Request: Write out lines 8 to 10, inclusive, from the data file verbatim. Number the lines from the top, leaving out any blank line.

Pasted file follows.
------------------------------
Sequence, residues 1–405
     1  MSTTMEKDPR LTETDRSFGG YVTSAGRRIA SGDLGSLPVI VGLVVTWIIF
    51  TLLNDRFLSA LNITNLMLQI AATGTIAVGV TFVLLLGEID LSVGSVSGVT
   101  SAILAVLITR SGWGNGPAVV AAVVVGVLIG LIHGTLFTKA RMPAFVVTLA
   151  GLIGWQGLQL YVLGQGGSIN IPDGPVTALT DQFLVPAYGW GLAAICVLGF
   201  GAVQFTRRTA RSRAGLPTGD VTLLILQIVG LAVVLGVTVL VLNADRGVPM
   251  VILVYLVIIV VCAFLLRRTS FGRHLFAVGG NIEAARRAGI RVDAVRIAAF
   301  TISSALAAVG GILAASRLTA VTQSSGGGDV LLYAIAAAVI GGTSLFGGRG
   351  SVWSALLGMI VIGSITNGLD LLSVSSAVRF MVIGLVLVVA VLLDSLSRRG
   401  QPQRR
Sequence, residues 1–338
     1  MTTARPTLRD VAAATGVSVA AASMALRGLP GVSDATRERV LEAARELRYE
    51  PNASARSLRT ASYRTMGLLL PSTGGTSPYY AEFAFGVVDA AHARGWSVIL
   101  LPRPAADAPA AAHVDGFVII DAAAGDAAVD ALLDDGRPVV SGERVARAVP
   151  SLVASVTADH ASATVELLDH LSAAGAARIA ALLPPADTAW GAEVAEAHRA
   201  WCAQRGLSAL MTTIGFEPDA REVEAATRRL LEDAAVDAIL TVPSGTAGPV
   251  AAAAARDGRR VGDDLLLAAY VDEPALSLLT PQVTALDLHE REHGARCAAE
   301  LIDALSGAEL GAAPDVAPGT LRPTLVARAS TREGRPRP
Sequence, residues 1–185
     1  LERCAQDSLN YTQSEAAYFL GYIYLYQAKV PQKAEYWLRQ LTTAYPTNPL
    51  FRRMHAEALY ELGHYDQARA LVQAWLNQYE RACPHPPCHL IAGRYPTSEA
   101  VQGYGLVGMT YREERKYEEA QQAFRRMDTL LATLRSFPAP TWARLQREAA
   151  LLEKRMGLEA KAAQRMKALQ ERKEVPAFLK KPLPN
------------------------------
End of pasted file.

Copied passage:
   301  TISSALAAVG GILAASRLTA VTQSSGGGDV LLYAIAAAVI GGTSLFGGRG
   351  SVWSALLGMI VIGSITNGLD LLSVSSAVRF MVIGLVLVVA VLLDSLSRRG
   401  QPQRR